Much has been written since the inception of MTV (back when it was an actual music channel) as to whether a music video constitutes art or not.
Music videos have been cynically derided as mere marketing vehicles for the music itself. In other words, record companies made music videos just to pump up record sales. After all, no one actually bought music videos. They bought the music that was featured in the song-length commercials, also known as music videos.
But I believe music videos — at least, some of them — are an art form in itself. They are a part of the music, but they are an entity and a medium separate unto themselves. Some of them stand alone as art, even if the sound is muted.
So today’s music video is one I stumbled upon quite by accident in my YouTube travels. I should point out up front that it is sung in Korean and I have no clue what any of the lyrics are about. And yet, that does not matter in the least. The vocalizations (as opposed to the lyrics) provide context for the artistic visuals. Frankly, I don’t want to know what the singers are singing. I somehow think I would be disappointed if I knew. To me, the vocals are a mere thematic flavoring for the visuals.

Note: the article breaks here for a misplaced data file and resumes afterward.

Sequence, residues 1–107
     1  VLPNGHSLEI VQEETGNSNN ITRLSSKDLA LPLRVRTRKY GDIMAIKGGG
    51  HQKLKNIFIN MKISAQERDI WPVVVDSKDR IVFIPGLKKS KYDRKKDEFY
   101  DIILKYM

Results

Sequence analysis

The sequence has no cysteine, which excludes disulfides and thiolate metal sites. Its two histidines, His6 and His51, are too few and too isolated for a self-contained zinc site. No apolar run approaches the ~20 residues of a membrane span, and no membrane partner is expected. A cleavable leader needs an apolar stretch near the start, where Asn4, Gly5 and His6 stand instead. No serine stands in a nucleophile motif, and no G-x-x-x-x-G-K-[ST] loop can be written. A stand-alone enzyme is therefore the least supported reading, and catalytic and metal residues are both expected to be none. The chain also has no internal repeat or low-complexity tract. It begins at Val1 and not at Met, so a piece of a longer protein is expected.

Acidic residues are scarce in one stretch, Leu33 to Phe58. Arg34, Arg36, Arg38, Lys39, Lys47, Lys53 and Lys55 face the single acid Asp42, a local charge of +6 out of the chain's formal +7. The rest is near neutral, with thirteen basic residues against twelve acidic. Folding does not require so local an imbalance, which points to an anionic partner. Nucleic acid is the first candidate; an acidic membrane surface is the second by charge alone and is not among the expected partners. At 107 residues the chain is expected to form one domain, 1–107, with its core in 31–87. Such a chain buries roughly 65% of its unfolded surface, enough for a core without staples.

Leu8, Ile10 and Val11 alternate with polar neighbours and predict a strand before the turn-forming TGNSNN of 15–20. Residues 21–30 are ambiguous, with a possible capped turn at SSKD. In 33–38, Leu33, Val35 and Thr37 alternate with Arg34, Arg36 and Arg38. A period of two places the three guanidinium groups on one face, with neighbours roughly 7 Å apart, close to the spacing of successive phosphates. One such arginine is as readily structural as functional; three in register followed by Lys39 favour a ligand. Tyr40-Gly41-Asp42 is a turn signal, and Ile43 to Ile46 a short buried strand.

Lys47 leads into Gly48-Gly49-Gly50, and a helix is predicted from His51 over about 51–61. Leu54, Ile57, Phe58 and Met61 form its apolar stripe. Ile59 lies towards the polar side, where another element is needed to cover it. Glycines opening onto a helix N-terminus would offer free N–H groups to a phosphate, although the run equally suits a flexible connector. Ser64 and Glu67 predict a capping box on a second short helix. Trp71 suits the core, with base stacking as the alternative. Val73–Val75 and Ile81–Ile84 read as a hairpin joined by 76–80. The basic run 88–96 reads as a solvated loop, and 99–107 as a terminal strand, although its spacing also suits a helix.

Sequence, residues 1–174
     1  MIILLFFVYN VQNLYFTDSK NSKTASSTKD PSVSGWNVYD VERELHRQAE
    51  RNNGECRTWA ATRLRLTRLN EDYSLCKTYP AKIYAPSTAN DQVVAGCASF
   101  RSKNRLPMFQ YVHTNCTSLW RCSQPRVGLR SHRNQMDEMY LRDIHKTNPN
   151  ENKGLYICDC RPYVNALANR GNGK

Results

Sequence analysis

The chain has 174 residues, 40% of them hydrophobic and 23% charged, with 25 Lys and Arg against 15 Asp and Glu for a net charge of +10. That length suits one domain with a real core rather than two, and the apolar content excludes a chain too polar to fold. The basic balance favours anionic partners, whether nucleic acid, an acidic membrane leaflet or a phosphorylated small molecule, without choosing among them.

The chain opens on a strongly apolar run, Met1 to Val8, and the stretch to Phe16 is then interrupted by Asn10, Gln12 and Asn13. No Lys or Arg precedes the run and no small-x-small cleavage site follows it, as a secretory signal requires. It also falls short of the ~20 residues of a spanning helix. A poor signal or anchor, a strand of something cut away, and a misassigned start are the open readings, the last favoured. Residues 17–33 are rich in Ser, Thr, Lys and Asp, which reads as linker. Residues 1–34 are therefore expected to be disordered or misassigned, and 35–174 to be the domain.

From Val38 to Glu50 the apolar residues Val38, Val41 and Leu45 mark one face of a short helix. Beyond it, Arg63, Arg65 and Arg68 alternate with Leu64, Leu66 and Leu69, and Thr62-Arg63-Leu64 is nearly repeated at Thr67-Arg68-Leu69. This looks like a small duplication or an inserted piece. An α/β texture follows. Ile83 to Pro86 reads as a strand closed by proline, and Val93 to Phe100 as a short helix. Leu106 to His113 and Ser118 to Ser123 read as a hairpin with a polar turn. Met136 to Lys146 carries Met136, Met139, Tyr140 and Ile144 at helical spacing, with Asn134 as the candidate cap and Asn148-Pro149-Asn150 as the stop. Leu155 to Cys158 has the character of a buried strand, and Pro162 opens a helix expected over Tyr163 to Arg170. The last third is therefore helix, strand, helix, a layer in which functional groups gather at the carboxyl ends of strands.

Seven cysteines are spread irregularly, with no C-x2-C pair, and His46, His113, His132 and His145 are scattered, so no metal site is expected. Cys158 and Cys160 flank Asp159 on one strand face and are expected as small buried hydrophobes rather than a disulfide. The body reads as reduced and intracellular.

But this video has everything in it. It has comedy. It has romance. It has fantasy. It is a shaggy dog story. It has nostalgia. It is optimistic. It is lush and vibrant. It has do-wop. It is beautiful to look at. It is rococo. It is art deco.
So enjoy today’s lovely video (that just happens to have a lovely music track). And don’t get hung up on what they are singing about. It really doesn’t matter. It should mean what you want it to mean.